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The Middle Place by Kelly Corrigan
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The Middle Place (2008)

by Kelly Corrigan

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Showing 1-5 of 41 (next | show all)
Another great book by Corrigan. This is the story of her and her father's cancer scares. Not really scares, it happened, to the both of them, which I guess is pretty scary. Full of stories about Greenie, her father, it was both funny and sad...you laughed, you cried, blah, blah, blah. Can't wait for my mom to read it. ( )
  campingmomma | Dec 19, 2013 |
The way she speaks of her Father, her boundless and obvious admiration of him, is alone a reason to read this book. ( )
  tealightful | Sep 24, 2013 |
Yesterday, I finished listening to The Middle Place and wept.

At 36, Kelly Corrigan's life seems perfect. She and her husband are doing well living and working in the Bay Area and she is embracing motherhood with 2 young girls. Even though she is an adult, she still sees herself as George Corrigan's only daughter. Her father, who is described as larger-than-life, still remains a major part of her life. She is in the 'Middle Place' between when our parents are everything and we are the parents. And then things change. Kelly is diagnosed with breast cancer and her father is diagnosed with late-stage bladder cancer. This beautifully told memoir describes Kelly's childhood as a daughter of George Corrigan and her life as she deals not only with her own cancer, but as a family member of someone who has cancer.

This book touched me in so many ways. It reminded me of when my husband was diagnosed with prostate cancer - the frustration of wanting a solution, a cure and discovering that there are no formulas or flow charts to follow that provide a 'right' answer. It reminded me of dealing with my parents' health issues remotely - and those 'fun' family discussions among siblings about what to do next. But what made me cry was knowing that all of us who are still in 'the middle place' will eventually leave when our parents die, and although we will be fine living our own adult lives, there will be a heartbreaking loss of no longer being someone's daughter.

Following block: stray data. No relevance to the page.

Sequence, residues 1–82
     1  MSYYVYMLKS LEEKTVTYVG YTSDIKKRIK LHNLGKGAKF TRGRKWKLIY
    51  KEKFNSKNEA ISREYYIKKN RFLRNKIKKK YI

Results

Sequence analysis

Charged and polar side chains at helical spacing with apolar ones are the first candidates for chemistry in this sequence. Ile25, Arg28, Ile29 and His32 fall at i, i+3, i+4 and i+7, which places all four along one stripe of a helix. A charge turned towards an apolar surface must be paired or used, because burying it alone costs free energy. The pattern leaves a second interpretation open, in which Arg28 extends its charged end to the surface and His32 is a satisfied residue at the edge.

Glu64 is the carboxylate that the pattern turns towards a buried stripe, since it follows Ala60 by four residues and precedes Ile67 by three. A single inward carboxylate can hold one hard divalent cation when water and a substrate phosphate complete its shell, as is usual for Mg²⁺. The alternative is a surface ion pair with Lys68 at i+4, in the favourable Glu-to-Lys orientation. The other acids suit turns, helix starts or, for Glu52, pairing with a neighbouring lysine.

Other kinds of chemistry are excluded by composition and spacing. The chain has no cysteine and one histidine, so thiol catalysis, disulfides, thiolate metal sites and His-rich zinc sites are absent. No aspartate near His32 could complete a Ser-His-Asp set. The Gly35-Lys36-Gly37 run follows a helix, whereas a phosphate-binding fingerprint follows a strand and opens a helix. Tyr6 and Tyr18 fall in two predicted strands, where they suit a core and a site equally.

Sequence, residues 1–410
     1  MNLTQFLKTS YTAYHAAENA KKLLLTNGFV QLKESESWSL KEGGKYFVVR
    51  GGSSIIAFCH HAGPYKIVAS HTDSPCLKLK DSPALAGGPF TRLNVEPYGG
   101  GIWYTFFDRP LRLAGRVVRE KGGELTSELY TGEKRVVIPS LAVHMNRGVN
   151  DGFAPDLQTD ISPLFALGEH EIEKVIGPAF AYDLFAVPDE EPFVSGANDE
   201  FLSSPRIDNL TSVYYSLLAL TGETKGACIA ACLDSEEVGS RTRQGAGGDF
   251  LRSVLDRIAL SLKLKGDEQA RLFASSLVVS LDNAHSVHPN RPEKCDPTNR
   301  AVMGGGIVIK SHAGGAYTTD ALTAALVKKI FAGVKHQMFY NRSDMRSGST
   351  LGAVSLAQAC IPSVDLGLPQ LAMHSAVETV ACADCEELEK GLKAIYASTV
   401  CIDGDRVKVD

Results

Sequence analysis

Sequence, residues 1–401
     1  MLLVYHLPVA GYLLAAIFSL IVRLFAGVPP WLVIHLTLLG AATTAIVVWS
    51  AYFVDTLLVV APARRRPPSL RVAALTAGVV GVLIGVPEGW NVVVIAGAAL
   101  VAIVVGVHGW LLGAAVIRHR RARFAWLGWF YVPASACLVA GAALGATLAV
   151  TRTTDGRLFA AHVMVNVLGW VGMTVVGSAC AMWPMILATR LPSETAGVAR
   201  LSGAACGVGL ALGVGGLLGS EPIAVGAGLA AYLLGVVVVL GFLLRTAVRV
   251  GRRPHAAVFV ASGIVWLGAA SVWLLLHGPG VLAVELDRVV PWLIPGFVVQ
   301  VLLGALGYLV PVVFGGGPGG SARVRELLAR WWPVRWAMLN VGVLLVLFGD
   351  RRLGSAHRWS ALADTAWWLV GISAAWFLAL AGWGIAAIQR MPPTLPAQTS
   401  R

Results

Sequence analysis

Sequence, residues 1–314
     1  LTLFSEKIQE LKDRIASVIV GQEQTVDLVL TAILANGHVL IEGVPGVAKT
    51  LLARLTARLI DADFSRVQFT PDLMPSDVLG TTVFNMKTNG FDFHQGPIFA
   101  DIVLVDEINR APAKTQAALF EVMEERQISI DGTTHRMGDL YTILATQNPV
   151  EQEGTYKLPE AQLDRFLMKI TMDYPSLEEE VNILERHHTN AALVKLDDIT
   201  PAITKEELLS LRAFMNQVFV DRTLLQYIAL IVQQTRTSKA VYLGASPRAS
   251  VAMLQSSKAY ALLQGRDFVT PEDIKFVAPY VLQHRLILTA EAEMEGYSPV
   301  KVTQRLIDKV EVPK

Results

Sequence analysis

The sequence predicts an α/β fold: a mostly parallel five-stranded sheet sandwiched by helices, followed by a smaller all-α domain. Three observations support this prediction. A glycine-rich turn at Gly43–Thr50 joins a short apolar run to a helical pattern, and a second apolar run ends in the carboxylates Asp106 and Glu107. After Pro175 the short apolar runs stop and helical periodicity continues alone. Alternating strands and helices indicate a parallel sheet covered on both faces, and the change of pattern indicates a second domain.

( )
  jmoncton | Jun 3, 2013 |
I really enjoyed this memoir about a woman reflecting on her experience in the Middle Place -- sandwiched between caring for her own children and occasionally her parents. The author alternates between reflecting on relationship and history with the family she was born into, especially her father, and dealing with the with the period in 2004-2005 when both she and her father were fighting cancer simultaneously.

Despite the serious subject matter, Kelly Corrigan is funny and lovable about reflecting on a challenging time in her life. ( )
  JillKB | Apr 4, 2013 |
Not a great book. The point of the story was a little unclear to me. It's supposed to be about a woman being both a 'child' and a parent at the same time - in the context of the possibility of death of both the woman and her father. I didn't warm to any of the characters, and found the father to be completely unbelievable - even if I met him face-to-face I'd feel that I was seeing someone who was pretending to be a person who couldn't exist. That is, he was always upbeat and cheerful in a completely over-the-top way. I don't experience life in a way that would make such a position tenable. The woman is somewhat more believable. I got the sense that there wasn't really much of a story here (woman gets breast cancer at a relatively young age, has aggressive treatment, survives. Father gets cancer and survives....both "so far") but it has been padded out into a book by an entrepreneur who thinks she can make money out of her experience. ( )
  oldblack | Dec 16, 2011 |
Showing 1-5 of 41 (next | show all)
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At 36, Kelly had a good marriage, a couple of kids, and a weekly newspaper column. But she still saw herself as George Corrigan's daughter. A garrulous Irish-American charmer from Baltimore, George was the center of the ebullient, raucous Corrigan clan. Kelly's was a colorful childhood, just the sort a girl could get attached to. She lives deep within what she calls the Middle Place--"that sliver of time when parenthood and childhood overlap"--but she's abruptly shoved into a coming-of-age when she finds a lump in her breast. And so her journey to full-blown adulthood begins. When George, too, learns he has late-stage cancer, it is Kelly's turn to take care of the man who had always taken care of her--and show us a woman as she finally takes the leap and grows up.--From publisher description.… (more)

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